Now, raise both arms overhead while clasping both hands together. For a green light to practice the AKBS, you must be able to bring your forearms, lower back, and head to the floor in a comfortable state. Your elbows must remain completely straight and your shoulders must stay depressed (sucked down to the ribs, away from your ears).


AngeloGalaBadHollow2 Both of these examples are failed overhead screens for the AKBS. Note: if you can see your arms in your peripheral vision, this indicates a failed overhead screen for the AKBS and more mobilization is required.

TIME TO SWING….. err snatch…….YES SWING!!

With both hands on the kettlebell, start in the athletic ready stance to prepare for the pre-swing or to “hike pass” the kettlebell through your legs. Nothing here deviates from the standards of the Russian kettlebell swing, yet. Your hips are lower than the shoulders. The spine is long and neutral. The hips and hamstrings are engaged.

Now, hike the kettlebell back through your legs. Explosively and simultaneously extend your knees and hips creating a solid lockout in your entire body below your neck. This will power the kettlebell out in front of your hips. Once the kettlebell reaches your belly button, use your arms to pull the kettlebell in towards your chest and up over your head to the overhead lockout. Stop the momentum of the kettlebell by squeezing the handle in the overhead lockout position. The AKBS is completed when the bottom of the kettlebell faces “up” directly overhead and the arms are in alignment with your ears.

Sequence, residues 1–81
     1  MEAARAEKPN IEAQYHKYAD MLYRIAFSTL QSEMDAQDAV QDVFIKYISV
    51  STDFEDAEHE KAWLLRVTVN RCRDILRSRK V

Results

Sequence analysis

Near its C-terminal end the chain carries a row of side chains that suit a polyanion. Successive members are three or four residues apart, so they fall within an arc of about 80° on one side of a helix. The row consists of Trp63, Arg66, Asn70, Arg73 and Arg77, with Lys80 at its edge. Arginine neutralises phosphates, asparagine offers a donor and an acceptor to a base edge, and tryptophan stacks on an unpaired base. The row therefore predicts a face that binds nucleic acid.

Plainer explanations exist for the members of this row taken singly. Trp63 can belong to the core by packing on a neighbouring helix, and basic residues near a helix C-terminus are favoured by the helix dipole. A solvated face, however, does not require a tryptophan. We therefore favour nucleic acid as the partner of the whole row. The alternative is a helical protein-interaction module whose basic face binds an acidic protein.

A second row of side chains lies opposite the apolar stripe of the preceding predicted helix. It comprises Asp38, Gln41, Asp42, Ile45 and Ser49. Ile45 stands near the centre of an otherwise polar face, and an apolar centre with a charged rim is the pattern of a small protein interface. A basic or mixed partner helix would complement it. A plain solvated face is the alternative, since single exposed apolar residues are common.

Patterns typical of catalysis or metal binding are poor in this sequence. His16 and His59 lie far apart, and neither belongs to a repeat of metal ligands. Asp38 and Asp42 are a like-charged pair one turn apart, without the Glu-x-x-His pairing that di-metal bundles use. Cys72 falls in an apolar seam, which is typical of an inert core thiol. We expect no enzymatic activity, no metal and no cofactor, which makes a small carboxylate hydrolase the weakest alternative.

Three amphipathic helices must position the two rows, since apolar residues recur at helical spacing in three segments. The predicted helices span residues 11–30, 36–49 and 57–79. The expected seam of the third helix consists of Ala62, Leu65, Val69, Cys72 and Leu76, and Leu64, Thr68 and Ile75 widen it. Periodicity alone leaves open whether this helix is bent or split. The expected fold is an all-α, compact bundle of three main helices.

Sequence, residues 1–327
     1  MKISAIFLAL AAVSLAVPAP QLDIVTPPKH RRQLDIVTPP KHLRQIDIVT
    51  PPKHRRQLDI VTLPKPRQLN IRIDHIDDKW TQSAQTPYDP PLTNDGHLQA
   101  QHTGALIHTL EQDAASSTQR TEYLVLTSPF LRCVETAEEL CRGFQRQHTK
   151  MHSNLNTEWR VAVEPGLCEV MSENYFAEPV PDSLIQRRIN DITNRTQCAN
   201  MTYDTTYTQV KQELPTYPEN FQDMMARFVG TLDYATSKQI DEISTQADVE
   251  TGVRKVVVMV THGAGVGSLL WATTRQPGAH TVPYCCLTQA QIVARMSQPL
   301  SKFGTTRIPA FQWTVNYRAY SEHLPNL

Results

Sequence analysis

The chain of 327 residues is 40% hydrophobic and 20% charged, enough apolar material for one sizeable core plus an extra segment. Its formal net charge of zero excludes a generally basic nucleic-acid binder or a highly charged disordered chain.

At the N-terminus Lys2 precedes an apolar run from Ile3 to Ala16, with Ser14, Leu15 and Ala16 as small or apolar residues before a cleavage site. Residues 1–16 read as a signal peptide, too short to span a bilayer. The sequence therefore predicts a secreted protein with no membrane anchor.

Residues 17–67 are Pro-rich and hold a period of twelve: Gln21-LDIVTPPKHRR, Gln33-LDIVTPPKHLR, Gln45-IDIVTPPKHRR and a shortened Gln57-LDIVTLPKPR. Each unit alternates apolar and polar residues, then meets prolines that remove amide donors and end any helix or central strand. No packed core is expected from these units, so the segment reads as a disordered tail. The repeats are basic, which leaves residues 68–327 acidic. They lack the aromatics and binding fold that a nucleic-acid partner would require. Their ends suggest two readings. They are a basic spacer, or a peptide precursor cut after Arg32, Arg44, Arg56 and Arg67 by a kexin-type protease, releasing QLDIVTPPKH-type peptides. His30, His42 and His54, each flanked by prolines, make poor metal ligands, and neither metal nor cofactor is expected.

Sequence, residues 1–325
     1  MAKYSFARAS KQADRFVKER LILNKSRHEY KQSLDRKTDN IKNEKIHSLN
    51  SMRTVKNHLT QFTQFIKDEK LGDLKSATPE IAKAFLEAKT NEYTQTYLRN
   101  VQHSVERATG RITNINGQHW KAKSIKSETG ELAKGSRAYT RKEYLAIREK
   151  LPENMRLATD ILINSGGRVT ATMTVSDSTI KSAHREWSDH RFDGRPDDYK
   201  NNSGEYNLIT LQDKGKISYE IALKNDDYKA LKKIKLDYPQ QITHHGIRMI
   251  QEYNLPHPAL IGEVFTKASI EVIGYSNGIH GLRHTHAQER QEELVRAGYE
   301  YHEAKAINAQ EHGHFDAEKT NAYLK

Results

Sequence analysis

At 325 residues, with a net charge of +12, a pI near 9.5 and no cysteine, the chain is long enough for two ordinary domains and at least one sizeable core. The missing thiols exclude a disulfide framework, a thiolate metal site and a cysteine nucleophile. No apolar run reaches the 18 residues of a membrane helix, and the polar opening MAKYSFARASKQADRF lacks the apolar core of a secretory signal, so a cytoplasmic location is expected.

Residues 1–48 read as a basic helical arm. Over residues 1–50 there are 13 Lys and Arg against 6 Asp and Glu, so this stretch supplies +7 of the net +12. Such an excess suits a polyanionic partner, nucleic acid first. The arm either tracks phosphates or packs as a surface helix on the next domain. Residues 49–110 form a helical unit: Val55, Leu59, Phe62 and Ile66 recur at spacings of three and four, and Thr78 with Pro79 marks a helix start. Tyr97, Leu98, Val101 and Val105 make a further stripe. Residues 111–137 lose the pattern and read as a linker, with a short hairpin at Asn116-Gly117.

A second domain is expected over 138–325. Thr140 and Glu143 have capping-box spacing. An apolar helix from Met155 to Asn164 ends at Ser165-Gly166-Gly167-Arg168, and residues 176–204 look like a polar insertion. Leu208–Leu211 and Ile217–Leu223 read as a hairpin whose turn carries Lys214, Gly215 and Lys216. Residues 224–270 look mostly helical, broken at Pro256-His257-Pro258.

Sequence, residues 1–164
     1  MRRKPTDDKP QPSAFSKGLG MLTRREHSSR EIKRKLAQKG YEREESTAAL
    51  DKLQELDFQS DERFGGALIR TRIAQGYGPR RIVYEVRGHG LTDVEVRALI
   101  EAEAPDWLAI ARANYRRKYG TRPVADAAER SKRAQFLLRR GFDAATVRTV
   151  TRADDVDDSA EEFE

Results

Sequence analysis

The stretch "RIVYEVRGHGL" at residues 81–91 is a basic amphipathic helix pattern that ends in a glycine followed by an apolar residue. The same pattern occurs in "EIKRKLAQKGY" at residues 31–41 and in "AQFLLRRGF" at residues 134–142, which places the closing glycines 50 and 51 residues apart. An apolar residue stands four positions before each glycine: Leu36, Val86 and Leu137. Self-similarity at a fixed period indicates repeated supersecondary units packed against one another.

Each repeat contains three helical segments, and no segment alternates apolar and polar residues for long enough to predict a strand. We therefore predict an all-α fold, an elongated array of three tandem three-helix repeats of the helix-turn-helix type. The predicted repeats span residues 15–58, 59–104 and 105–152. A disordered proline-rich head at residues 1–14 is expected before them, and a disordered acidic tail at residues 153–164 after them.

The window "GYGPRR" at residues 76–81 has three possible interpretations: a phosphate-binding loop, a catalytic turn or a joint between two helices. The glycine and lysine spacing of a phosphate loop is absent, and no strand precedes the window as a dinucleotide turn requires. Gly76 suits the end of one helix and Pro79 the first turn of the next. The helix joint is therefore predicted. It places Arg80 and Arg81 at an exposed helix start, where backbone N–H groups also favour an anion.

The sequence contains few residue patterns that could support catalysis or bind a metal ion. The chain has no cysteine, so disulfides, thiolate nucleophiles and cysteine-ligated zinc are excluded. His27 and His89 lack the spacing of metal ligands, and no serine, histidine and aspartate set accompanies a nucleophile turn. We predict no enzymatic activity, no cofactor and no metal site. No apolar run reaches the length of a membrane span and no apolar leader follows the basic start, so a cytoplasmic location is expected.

How To Apply the American Kettlebell Swing:

The American Kettlebell Swing should be carefully applied to your programming as a compliment, not as a replacement for the Russian Kettlebell Swing. Instead of assuming the American Kettlebell Swing is harder, understand that there are two main reasons to purposely include the AKBS in your program design.

  1. Longer cycle time: When planning aerobic power intervals, a slower cycle speed due to a longer range of motion will simply eat up more time on the clock.
  1. Compounded shoulder and grip fatigue: Pulling the kettlebell through a longer ROM over the head adds a greater degree of shoulder flexion and sustained grip activation compared to the RKBS. The AKBS creates a significantly higher accumulation of shoulder and grip fatigue. In a mixed modal environment, this movement coupled with push-ups, reverse wall climbs or even handstand pushups can dramatically improve overhead work capacity when safely and progressively programmed.

Safe Modifications:

Just like most people have the ability to safely perform the RKBS after demonstrating proficiency of proper hinge patterning and full body bracing, all practitioners can utilize an abbreviated version of the AKBS by simply expressing a shorter range of motion. If you were unable to pass the overhead screen because of signs of shoulder impingement, a safe variation of the AKBS would be to simply pull the kettlebell just above forehead level without committing to a straight-arm lockout of the elbows. With this abbreviated ROM, you will still be able to create a longer cycle time as well as induce increased shoulder and grip fatigue.

Give this swing variation a go and let me know how things work out for you!!

Angelo Gala, Senior RKC, PCC Team Leader



Angelo Gala is both a Senior RKC and PCC Team Leader. He has been a fitness professional in the Boston area for greater than 15 years working day to day with a wide range of clientele.  He helps the average “Joe” get fit and out of pain and prepares athletes to qualify and compete at the CrossFit Games. His specialties include improving restricted movement, getting strong(er) and energy system development (anything that elevates the heart rate). Angelo is available for remote coaching and on-site workshops. For scheduling he can be reached at